There are ongoing and valid debates on 'whom novels are written for' and the editorial pressures on non-white and non-Western authors to 'explain' rather than tell their stories. While Blackass certainly displays the effect of such realities, Barrett craftily transforms these systemic pressures into art. Yes, he 'explains' what pidgin is, but he also describes it as 'the shortest distance between two thoughts' that caused 'mingled voices to beat the air like wings of released doves.'
The triumph of the book is its passionate and scrupulously detailed picture of Lagos—the roadside bukas that serve hot stew on steel plates, the arduous choreography of the traffic, and the glittering shopping malls to which Furo/Frank gravitates, because all races mix there in a neutral atmosphere of globalized wealth.
...Blackass, though very good in parts, doesn't really work as a novel. Barrett definitely has great ideas and original observations, but it seems like he's tried too hard to force them all into one book. The result is a novel that's not unenjoyable, but one that never really comes together.
By the time it comes to its unsettling conclusion, Blackass has itself metamorphosed into an imperfect yet affecting social novel, yes, but also set of fateful contradictions about a mad world forcefully and originally seen through to the end.
The incredible changes that transform Furo Wariboko’s body — and social standing — from black to white create numerous psychological shifts and dilemmas as well as opportunities...Meanwhile, there are other equally extreme transfigurations afoot in this sharp satire, including a character who becomes a voluptuous hermaphrodite. Barrett conjures a strange kind of Lagos, both fantastic and real — one that demands we think again about the ways in which appearance and identity intersect and conflict.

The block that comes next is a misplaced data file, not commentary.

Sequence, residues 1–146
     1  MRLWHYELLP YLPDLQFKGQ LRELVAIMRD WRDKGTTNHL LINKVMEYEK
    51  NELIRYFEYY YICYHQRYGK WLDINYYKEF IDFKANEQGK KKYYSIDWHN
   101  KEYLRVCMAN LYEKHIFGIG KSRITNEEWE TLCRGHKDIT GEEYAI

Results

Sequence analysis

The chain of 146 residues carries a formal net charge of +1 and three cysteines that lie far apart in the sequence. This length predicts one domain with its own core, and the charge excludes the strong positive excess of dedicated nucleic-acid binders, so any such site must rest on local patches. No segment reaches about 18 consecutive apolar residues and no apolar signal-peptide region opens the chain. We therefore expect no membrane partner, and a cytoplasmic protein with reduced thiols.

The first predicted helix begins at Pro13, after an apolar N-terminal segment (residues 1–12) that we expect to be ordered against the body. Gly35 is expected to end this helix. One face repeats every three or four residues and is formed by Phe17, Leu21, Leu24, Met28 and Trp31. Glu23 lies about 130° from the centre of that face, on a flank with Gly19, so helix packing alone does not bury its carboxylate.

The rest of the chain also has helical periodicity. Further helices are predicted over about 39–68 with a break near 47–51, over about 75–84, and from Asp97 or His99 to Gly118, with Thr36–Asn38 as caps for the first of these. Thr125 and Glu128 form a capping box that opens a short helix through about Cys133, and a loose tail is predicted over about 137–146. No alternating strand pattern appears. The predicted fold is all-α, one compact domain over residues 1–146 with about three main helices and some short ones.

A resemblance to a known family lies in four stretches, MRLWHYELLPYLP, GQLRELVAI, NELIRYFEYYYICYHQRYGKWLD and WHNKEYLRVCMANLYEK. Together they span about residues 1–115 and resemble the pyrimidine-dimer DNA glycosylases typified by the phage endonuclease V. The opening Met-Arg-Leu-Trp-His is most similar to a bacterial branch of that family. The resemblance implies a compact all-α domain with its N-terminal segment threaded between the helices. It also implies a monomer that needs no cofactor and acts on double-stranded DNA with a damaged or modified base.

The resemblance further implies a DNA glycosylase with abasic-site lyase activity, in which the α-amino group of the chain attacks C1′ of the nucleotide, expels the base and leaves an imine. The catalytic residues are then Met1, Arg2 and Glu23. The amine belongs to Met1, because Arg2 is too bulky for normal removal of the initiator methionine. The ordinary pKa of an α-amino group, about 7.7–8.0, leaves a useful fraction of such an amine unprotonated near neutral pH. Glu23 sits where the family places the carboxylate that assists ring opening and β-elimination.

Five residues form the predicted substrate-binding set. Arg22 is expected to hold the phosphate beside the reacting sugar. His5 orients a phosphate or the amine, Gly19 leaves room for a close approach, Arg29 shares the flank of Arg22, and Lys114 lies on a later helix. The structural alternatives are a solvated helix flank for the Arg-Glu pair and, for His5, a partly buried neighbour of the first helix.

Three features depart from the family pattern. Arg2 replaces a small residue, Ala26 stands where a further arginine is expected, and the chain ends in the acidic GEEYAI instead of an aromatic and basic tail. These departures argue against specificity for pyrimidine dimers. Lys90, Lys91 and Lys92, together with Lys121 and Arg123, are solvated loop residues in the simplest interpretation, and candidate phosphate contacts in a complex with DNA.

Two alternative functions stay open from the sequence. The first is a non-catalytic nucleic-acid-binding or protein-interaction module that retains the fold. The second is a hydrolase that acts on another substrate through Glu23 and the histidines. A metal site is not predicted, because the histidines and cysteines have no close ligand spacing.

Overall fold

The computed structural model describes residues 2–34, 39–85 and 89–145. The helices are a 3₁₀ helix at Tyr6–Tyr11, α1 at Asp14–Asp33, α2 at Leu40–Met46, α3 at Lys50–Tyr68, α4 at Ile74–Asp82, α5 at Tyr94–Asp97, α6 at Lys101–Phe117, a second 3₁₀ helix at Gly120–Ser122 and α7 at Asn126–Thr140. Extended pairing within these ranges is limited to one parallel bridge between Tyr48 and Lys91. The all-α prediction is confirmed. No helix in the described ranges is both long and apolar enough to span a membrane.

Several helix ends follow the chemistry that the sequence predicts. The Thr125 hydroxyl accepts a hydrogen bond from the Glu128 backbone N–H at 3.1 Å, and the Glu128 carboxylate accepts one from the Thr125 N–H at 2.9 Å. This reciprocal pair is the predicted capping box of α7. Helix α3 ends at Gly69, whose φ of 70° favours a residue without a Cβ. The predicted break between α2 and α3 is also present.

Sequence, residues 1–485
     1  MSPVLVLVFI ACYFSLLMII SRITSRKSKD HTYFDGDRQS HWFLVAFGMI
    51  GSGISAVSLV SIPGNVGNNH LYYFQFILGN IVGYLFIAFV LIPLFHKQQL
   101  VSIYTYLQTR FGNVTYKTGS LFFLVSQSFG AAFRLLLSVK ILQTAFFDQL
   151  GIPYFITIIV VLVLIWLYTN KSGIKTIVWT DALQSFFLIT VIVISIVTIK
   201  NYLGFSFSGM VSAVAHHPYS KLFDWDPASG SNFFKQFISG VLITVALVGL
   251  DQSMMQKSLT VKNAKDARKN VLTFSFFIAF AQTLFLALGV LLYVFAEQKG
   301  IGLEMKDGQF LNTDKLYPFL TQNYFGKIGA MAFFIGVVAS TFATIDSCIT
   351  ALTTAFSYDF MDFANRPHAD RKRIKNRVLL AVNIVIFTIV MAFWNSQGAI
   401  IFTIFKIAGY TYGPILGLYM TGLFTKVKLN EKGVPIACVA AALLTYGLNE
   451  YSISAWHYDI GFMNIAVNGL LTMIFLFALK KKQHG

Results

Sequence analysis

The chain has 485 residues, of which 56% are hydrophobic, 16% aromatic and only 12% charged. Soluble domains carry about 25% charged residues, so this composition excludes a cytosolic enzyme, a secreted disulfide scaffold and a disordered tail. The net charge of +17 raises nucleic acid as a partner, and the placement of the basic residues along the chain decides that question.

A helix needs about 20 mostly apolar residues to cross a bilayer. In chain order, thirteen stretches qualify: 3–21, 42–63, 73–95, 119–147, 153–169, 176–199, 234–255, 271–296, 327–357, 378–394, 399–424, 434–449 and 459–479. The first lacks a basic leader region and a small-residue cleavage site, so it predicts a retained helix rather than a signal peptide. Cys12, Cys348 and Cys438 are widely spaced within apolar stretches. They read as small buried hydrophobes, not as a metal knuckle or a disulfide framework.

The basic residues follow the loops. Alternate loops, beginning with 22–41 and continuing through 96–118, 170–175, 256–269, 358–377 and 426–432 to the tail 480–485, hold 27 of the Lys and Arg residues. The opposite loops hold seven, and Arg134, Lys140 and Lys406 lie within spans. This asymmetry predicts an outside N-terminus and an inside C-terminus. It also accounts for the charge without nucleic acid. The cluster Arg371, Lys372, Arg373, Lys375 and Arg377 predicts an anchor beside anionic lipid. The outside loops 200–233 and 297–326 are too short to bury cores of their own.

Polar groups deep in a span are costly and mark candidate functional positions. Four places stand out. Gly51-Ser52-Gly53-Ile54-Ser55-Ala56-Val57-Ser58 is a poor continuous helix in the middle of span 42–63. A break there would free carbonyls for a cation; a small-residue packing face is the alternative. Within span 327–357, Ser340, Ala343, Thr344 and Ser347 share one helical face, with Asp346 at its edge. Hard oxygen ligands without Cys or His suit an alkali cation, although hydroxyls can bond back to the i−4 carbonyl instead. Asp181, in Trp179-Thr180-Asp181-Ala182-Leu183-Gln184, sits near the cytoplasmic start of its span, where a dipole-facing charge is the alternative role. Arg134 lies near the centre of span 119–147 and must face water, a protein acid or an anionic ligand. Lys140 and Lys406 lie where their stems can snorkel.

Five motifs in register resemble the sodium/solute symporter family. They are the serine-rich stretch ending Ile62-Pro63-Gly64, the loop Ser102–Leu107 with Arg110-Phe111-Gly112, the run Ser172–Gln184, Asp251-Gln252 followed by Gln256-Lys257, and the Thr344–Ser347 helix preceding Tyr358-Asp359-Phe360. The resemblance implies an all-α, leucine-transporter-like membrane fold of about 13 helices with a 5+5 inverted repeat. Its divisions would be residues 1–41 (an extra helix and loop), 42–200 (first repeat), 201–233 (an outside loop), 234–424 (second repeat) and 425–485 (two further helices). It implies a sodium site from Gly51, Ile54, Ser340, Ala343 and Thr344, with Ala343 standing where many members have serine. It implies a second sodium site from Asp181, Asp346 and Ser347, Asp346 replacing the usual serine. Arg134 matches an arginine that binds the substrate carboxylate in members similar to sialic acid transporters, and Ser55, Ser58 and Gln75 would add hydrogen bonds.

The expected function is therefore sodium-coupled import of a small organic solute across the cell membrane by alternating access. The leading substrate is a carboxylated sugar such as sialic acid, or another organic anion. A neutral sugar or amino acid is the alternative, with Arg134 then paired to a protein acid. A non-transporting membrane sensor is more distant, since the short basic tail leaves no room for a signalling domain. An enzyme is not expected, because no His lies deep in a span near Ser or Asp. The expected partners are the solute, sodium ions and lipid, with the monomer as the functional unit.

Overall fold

As with his complex deployment of the Things Fall Apart reference, Barrett shows a gift for stacking allusions with great irony, which is the true discomfiting power of weep-inward satire, as opposed to laugh-aloud comedy. To read this novel as a contemporary Nigerian take on Kafka is to do it a disservice. There is something more profound at work in the oscillation between the writing and the reading of Blackass.
Furo’s trek through Lagos is sometimes blurred by clumsy language...There’s also a metafictional plotline that follows Furo’s sister’s Twitter persona, a “rebirth” parallel that lacks the compelling strangeness of the sections devoted to Furo. These split attentions contribute to a feeling of torn loyalty — am I supposed to care about anyone here? — in an otherwise charming first novel.
Blackass, I’m happy to say, has a rare quality shared only by the best of novels. It teaches you how to read it, something I needed 30 or 40 pages to catch on to. Up till then, the story of an ambitious Nigerian waking up to discover that he has turned white seemed burdened by its all-too-obvious symbolism, its all-too-obvious indictment of colonialism, its all-too-obvious evocation of Kafka.
Barrett’s frenetic plot and pacing takes his characters to uncomfortable places that seem unbelievable and yet, in the moment of this novel, feel entirely plausible. When faced with the question of abandoning his personal history and family for his new life, Furo makes what seems like a shocking decision. For better or worse, his call speaks to the world we live in. Sometimes it’s only through the looking glass that we can honestly see the true extent of the damage inflicted by the world we live in.